Could this type of cheese protect your bones? Plus, global warming may mean unfit kids, and more health news | Madison.com Health, Sports Health & Fitness

Could one type of cheese help strengthen your bones?

Enjoying just two slices of Jarlsberg cheese every day may help stave off osteoporosis, a small Norwegian study suggests.

The protective effect of cheese on bone-thinning appears to be an exclusive benefit of Jarlsberg, and a them 2 ounces a day seems to be enough to protect bone health, the investigators reported.

“Jarlsberg cheese might have a prophylactic effect on osteopenia and metabolic diseases,” said lead researcher Dr. Helge Einar Lundberg, from Skjetten Medical Center in Skjetten. “This has to be further investigated in a long-term study on a larger population of elderly females and men at risk of developing osteoporosis.”


Could One Type of Cheese Help Strengthen Your Bones?

Weightlifting may protect your bones if you’re vegan

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While a plant-based diet may be associated with lower bone mineral density and increased fracture risk, there might be a way to counteract that: pumping iron.

New Austrian research shows that vegans who lift weights or do strength training have stronger bones than vegans who only do other forms of exercise such as biking or swimming.

“Veganism is a global trend with strongly increasing numbers of people worldwide adhering to a purely plant-based diet,” said Dr. Christian Muschitz, of St. Vincent Hospital Vienna and the Medical University of Vienna.


Vegans?  Weightlifting May Protect Your Bones

Scientists may now know why red meat raises heart disease risk

A daily hamburger might raise the risk of developing heart disease, but not necessarily for the reasons people often think, new research suggests.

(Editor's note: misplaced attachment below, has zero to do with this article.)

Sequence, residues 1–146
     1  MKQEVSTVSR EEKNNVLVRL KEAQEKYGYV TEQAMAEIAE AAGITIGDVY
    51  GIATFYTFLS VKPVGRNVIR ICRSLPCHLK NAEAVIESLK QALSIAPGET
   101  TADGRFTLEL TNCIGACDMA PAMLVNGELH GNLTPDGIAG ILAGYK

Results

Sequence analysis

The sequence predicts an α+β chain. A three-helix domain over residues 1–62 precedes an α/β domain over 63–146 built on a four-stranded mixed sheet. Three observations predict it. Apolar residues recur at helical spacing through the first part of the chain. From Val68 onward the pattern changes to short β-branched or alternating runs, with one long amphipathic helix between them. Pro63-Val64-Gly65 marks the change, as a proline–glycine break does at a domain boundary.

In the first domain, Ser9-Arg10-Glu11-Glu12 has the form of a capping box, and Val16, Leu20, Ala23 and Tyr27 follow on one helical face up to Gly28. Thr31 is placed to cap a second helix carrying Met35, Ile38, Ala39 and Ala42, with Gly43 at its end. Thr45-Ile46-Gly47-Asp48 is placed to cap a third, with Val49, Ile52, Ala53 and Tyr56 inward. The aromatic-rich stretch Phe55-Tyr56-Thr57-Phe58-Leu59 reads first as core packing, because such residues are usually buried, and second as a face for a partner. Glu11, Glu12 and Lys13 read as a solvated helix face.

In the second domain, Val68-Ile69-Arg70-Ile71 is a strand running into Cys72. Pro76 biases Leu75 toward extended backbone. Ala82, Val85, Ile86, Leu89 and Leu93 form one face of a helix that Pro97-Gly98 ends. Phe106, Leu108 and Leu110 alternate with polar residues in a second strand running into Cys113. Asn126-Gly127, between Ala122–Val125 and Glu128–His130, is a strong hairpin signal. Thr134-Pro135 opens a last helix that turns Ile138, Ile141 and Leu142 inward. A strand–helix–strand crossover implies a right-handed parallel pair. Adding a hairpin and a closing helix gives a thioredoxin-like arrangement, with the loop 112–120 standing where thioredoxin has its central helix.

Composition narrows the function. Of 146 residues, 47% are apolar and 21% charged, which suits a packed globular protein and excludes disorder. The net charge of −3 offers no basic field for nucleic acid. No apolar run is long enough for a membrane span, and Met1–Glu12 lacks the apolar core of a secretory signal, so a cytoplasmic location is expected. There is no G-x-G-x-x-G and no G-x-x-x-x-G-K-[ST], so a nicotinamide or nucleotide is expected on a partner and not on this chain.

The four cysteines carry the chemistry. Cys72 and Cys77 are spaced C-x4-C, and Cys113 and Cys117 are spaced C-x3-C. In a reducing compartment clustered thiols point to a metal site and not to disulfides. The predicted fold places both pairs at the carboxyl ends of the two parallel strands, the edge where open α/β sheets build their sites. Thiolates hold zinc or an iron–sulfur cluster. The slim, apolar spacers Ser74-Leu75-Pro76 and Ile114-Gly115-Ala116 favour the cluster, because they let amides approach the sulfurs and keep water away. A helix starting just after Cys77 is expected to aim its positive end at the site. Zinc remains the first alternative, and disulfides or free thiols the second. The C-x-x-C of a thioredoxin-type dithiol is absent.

The study of nearly 4,000 older Americans found what many have before: People who ate a lot of red meat had a heightened risk of heart disease and stroke.

But there was no evidence that the link was due to a traditional culprit: elevated blood levels of “bad” cholesterol.

Instead, researchers traced the risk, in part, to particular substances produced by the gut microbiome — the trillions of bacteria that reside in the digestive tract.


Red Meat Raises Your Heart Risk, and Scientists May Know Why

Had a kidney stone? This diet may help prevent another

Anyone who has ever had a kidney stone never wants a repeat of the blinding pain that comes when it passes. Now, a new study maps out a diet that can help guard against that.

The cornerstones of that diet include eating plenty of foods that contain potassium, as well as a few servings of low-fat dairy daily, to get enough calcium. High-potassium fruits and veggies that could help include bananas, oranges, grapefruits, apricots, mushrooms, peas, cucumbers, zucchini, and melons such as cantaloupe and honeydew.

To arrive at those recommendations, researchers from the Mayo Clinic used data from questionnaires completed by kidney stone patients between 2009 and 2018.


Had a Kidney Stone?  This Diet May Help Prevent Another

Study shows global warming will mean more unhealthy kids worldwide

Children are not as physically fit as their parents were when they were kids, and this will likely harm them as the Earth warms, new research claims.

The findings are based on a comprehensive review of more than 150 studies that looked at how children maintain physical activity, exercise and cope with heat, as well as how this might change as global temperatures rise. The research was published Aug. 5 in the journal Temperature.

“Fitter adults are better able to tolerate higher temperatures, due to a combination of physiological, behavioral and psychological factors,” said Shawnda Morrison, an environmental exercise physiologist at Slovenia’s University of Ljubljana.


Global Warming Will Mean More Unfit, Unhealthy Kids Worldwide: Study

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